Letter writing campaign for overseas soldiers gets crowd into holiday spirit

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    A large and diverse crowd came to participate in the letter writing campaign  to benefit overseas soldiers.

    The event was hosted on Tuesday by the university's chapter of the National Society of Collegiate Scholars (NSCS).

    Christian Perez, NSCS president, said said students, members of TCU police, families from the area, faculty, staff, veterans, alumni and even the man who was SuperFrog from 1984 to 1986 came out to write notes of gratitude and holiday well-wishing.

    Ajay Gersemehl, NSCS vice president of public relations, said more than 100 letters and cards were written to overseas service members during this campaign for the United Service Organizations.

    A banner from NSCS and the university community that thanked soldiers for their service had even more notes and signatures, Gersemehl said.

    Ray Chavez, former Army health care specialist, stopped by the event with his family.

    He said he was surprised at the amount of people who passed by the campaign without stopping to participate.

    “It took me maybe five minutes to write my letter, and I can't remember how many people walked away from the table saying they would come back and do it later,” Chavez said. “It may seem like nothing to a normal citizen, but it has a huge impact on a soldier.”

    During two 1-year deployments, he said, receiving letters from people made him appreciate what he was doing and gave him a sense of pride.

    “It is always nice to be reassured you are doing the right thing and people are grateful for you,” he said.

    Chavez said he responded to all letters he received, and sometimes he would keep in touch with the people who wrote to him for months.

    “It helped pass time, and I think it let people know that their letter reached someone and had a positive impact,” he said.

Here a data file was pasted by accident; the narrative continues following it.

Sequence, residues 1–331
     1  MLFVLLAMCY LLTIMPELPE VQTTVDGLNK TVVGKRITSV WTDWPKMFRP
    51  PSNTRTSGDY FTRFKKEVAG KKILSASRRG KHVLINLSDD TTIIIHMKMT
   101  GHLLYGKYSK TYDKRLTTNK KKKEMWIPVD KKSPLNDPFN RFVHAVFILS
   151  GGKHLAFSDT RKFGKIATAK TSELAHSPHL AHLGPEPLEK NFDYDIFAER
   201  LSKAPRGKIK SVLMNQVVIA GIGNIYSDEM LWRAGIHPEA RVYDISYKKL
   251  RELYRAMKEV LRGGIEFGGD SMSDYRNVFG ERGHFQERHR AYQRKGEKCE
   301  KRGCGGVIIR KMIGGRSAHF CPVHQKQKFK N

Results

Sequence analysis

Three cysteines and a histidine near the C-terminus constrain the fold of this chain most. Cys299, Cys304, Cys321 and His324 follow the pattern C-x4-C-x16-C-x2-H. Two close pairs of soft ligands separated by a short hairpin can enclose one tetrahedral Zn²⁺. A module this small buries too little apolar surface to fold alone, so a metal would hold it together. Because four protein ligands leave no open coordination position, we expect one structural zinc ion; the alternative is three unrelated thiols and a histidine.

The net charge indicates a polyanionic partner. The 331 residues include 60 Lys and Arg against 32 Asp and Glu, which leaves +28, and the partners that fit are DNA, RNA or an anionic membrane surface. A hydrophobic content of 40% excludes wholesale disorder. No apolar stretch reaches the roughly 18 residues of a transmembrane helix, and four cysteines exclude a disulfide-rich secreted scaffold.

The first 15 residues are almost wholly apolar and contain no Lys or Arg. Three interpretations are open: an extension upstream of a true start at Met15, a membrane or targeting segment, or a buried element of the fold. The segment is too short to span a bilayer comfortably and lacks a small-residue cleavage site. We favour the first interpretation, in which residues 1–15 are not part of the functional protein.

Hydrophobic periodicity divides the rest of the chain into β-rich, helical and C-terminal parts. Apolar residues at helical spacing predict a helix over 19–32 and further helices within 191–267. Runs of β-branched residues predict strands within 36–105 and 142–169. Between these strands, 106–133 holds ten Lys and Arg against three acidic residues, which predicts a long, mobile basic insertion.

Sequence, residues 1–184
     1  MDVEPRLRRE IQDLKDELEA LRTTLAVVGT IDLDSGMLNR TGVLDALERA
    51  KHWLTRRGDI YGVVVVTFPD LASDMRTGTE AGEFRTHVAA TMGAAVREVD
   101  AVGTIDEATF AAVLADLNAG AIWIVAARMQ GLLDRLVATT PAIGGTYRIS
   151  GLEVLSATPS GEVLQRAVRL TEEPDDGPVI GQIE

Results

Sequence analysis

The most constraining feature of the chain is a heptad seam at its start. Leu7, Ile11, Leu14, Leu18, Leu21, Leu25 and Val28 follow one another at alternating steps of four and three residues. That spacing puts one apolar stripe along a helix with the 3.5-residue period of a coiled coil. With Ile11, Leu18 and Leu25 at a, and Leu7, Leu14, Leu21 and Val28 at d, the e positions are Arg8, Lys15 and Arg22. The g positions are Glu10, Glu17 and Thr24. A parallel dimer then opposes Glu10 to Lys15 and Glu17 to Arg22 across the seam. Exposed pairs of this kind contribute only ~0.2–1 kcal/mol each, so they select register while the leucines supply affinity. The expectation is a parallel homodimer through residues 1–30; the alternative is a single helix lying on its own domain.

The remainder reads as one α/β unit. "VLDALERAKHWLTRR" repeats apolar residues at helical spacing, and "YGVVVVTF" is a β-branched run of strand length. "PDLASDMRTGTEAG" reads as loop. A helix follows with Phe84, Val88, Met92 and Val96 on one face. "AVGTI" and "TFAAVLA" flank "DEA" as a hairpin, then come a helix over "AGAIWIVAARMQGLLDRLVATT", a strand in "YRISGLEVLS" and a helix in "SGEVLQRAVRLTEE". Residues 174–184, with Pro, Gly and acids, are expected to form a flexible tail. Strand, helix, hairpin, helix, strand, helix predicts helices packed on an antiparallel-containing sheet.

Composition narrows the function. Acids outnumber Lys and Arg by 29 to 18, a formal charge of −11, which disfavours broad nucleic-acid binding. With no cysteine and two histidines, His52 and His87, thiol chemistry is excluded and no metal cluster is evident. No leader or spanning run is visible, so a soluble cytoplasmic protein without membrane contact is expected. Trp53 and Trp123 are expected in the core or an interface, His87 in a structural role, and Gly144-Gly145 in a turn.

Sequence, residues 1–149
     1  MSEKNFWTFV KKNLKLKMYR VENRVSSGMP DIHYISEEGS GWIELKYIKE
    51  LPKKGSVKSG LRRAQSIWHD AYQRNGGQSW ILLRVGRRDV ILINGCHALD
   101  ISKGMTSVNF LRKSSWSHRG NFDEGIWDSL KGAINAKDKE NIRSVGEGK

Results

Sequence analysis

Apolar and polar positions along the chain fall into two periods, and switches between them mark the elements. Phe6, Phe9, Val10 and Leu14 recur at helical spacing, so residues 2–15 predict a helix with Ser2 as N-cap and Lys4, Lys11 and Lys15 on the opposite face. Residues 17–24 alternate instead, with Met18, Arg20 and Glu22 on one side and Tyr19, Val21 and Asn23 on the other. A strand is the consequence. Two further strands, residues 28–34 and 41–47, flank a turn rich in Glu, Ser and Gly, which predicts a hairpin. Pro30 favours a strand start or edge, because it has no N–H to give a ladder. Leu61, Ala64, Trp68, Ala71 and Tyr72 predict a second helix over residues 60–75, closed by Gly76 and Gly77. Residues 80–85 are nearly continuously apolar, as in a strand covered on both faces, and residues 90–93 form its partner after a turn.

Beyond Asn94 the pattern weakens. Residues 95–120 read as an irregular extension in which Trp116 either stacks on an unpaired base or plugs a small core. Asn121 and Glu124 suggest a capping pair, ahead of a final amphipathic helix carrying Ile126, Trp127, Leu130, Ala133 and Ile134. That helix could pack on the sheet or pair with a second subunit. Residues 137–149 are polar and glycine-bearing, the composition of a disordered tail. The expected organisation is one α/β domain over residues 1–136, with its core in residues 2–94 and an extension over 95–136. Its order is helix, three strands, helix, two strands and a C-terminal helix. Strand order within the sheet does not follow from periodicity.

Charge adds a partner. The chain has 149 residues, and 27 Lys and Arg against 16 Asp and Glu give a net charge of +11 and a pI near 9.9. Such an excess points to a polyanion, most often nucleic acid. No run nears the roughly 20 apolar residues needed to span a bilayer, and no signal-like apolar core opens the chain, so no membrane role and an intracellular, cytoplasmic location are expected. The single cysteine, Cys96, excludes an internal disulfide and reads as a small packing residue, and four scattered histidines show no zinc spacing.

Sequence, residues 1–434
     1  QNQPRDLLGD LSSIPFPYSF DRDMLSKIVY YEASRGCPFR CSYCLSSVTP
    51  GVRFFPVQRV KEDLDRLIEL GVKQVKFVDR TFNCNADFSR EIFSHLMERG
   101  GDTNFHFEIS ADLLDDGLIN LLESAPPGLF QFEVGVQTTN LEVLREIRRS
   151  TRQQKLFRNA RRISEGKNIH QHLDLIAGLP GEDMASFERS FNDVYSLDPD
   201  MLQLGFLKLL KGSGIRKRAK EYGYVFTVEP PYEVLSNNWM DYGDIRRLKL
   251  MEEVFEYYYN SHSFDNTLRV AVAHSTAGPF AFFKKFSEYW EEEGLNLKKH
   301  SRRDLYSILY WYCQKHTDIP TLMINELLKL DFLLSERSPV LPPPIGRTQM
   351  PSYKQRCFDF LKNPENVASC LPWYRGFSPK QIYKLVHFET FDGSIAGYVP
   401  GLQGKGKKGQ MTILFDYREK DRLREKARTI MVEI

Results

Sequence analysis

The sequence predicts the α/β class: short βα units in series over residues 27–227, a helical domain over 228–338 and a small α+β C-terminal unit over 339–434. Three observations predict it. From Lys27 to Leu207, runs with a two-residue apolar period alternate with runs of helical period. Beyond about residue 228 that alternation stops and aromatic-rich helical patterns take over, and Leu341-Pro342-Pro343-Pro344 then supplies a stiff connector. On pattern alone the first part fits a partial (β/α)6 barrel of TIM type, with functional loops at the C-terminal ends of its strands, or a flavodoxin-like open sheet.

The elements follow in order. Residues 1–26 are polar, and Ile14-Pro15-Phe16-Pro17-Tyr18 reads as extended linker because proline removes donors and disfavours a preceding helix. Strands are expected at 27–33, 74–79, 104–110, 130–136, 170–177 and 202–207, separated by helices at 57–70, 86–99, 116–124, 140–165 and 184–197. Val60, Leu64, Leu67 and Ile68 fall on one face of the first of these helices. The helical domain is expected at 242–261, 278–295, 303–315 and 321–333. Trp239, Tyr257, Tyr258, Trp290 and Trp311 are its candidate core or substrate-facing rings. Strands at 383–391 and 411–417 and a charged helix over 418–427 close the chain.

Perez said the most touching part of the event for her was seeing veterans like Chavez and his family participate. Perez said that Chavez’s young daughter drew pictures for soldiers while he wrote a long letter.

    “He hung out with us for a while and told us stories about how much it meant to him and his friends when they were overseas and got letters like these over the holidays, how happy it made them,” Perez said.

    Gersemehl said that some people who stopped by mentioned that they did not support the war, but they still gave their support to the individuals overseas.

    “Even if you don't support the war, it was nice seeing they supported the soldier,” she said. “It's easy to forget underneath the uniform they are someone's wife or husband, son or daughter or childhood best friend.”

    Located on the first floor of the Brown-Lupton University Union from 3 p.m. to 7 p.m., the campaign attracted people attending the annual Christmas tree lighting, Perez said, which was at 6:30 p.m. in the Campus Commons. The group had to extend the letter writing campaign until about 7:30, since such a rush came in after the tree lighting.

    “I think [the campaign] really helped people get into the spirit of the holidays and into the spirit of giving,” Perez said.

     

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